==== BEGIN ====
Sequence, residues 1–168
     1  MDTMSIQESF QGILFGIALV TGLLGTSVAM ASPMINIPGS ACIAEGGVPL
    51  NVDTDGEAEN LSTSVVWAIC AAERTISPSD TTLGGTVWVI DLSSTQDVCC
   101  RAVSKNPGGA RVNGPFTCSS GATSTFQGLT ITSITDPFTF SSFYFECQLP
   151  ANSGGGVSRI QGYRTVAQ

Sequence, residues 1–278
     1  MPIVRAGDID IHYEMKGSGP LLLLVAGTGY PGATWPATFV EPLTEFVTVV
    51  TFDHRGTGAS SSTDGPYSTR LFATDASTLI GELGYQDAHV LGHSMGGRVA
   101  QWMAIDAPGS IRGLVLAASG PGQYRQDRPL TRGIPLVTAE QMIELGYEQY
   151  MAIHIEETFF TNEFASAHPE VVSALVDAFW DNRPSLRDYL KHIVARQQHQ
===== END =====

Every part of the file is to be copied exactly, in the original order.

Sequence, residues 1–168
     1  MDTMSIQESF QGILFGIALV TGLLGTSVAM ASPMINIPGS ACIAEGGVPL
    51  NVDTDGEAEN LSTSVVWAIC AAERTISPSD TTLGGTVWVI DLSSTQDVCC
   101  RAVSKNPGGA RVNGPFTCSS GATSTFQGLT ITSITDPFTF SSFYFECQLP
   151  ANSGGGVSRI QGYRTVAQ

Sequence, residues 1–278
     1  MPIVRAGDID IHYEMKGSGP LLLLVAGTGY PGATWPATFV EPLTEFVTVV
    51  TFDHRGTGAS SSTDGPYSTR LFATDASTLI GELGYQDAHV LGHSMGGRVA
   101  QWMAIDAPGS IRGLVLAASG PGQYRQDRPL TRGIPLVTAE QMIELGYEQY
   151  MAIHIEETFF TNEFASAHPE VVSALVDAFW DNRPSLRDYL KHIVARQQHQ